Oxford’s COVID-19 vaccine is nearly half as effective as Pfizer’s vaccine
Upon the world’s first registered SARS-CoV-2 vaccine developed by Russian scientists, many pharmaceutical companies across the world have since conducted vigorous research to develop an effective vaccine for the recent coronavirus strain.
New research published in The Lancet uncovered that Oxford’s COVID-19 vaccine is less effective than previously thought, with an efficiency rate nearly half as much as Pfizer’s vaccine.
According to the publication, Oxford’s phase 3 trials demonstrated that their vaccine was close to 50 percent efficient at protecting against the disease only when given two full doses, while its protection rate, in general, was purportedly estimated at 70 percent for most, but not all patients.
The findings are a drastic difference in comparison to Pfizer’s vaccine, with a purported efficiency rate above 90 percent, nearly identical in terms of efficiency as Russia’s Sputnik V.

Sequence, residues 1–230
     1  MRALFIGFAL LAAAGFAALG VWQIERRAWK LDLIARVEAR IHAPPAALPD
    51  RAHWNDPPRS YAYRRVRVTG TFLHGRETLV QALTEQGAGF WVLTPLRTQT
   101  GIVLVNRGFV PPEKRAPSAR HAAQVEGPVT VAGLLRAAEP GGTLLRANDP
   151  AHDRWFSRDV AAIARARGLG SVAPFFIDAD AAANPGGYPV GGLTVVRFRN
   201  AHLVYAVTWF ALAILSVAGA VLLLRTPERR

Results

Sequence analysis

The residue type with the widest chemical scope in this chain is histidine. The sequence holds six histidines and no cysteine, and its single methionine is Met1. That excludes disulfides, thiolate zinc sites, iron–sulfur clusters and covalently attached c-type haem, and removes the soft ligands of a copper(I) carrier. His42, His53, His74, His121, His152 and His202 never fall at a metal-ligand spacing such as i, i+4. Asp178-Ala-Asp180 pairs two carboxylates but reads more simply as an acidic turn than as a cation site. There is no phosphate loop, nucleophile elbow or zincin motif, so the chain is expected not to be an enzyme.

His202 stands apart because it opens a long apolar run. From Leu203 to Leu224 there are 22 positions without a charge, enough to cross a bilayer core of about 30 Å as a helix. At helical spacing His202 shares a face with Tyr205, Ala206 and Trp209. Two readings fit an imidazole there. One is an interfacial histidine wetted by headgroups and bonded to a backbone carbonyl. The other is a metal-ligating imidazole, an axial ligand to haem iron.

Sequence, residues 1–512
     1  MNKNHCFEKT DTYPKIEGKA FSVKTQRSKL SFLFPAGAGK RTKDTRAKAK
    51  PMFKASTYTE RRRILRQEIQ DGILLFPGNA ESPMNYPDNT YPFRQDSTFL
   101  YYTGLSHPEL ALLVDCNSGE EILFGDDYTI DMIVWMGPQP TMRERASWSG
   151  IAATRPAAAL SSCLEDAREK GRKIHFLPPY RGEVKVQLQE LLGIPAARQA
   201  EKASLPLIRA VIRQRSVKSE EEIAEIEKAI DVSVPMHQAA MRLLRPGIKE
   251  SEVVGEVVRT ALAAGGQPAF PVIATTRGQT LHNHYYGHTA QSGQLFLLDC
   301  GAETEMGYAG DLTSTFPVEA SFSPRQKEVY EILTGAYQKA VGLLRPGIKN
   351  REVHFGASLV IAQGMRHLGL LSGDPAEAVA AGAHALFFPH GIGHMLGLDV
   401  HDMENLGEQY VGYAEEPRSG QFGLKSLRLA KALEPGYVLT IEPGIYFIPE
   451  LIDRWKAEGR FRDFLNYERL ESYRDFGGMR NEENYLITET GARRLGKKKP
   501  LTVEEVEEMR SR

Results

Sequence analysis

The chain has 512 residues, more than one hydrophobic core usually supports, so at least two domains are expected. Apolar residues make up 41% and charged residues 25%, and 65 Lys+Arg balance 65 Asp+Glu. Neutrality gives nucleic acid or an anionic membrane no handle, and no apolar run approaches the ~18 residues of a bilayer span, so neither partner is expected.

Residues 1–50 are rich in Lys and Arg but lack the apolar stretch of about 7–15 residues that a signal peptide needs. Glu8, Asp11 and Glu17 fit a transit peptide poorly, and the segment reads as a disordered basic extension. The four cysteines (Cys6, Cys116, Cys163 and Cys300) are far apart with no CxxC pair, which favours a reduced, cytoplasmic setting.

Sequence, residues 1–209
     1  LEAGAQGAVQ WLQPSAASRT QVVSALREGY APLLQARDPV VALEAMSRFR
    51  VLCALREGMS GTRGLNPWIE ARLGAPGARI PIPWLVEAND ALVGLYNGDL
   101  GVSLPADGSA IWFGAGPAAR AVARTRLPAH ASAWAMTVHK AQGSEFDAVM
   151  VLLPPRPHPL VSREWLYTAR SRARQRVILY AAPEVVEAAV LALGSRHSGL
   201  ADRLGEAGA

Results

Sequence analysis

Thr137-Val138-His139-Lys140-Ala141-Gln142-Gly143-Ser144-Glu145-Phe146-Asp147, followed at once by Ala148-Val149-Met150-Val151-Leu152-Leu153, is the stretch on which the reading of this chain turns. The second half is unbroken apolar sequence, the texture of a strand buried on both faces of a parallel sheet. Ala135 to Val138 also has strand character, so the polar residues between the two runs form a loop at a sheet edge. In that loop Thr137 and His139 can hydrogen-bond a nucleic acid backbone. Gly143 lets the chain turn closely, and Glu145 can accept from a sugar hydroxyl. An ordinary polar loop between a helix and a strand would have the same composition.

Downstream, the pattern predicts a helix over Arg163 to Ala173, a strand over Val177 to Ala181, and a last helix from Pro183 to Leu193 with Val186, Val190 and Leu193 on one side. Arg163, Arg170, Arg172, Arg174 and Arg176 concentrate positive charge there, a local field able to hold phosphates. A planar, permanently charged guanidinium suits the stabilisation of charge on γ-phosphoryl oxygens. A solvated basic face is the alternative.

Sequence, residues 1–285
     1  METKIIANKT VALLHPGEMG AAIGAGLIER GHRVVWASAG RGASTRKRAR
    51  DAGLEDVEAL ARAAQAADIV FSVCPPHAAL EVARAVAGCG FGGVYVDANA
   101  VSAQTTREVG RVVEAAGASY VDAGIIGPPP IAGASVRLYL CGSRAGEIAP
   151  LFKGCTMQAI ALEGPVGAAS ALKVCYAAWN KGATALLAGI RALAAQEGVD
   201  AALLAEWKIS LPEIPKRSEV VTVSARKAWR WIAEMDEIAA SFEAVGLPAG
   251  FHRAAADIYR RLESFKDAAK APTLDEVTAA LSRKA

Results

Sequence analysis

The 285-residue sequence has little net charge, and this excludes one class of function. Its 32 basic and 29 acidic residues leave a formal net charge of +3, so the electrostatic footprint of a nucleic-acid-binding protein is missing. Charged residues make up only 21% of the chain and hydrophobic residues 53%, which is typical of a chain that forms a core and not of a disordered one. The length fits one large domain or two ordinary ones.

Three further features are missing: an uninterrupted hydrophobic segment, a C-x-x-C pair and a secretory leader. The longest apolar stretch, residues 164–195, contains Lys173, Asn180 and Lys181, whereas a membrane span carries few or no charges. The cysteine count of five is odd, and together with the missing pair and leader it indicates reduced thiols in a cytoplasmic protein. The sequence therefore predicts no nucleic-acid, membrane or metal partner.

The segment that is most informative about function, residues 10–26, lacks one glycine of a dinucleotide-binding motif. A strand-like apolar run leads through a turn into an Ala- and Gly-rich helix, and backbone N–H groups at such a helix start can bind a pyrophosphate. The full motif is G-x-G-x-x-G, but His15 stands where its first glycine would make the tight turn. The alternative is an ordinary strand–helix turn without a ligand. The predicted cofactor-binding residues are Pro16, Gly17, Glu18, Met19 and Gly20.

“The results presented in this report provide the key findings from our first interim analysis. In future analyses, with more data included as it becomes available, we will investigate differences in key subgroups such as older adults, various ethnicities, doses, timing of booster vaccines, and we will determine which immune responses equate to protection from infection or disease,” said Merryn Voysey, co-author of the study, in a press release.
“Control of the pandemic will only be achieved if the licensing, manufacturing and distribution of these vaccines can be achieved at an unprecedented scale and vaccination is rolled out to those who are vulnerable. Our findings indicate that our vaccine’s efficacy exceeds the thresholds set by health authorities and may have a potential public health impact,” the authors of the study claimed.
The study and its results were funded by numerous public health institutions and private foundations, including the pharmaceutical company involved in the creation of the vaccine.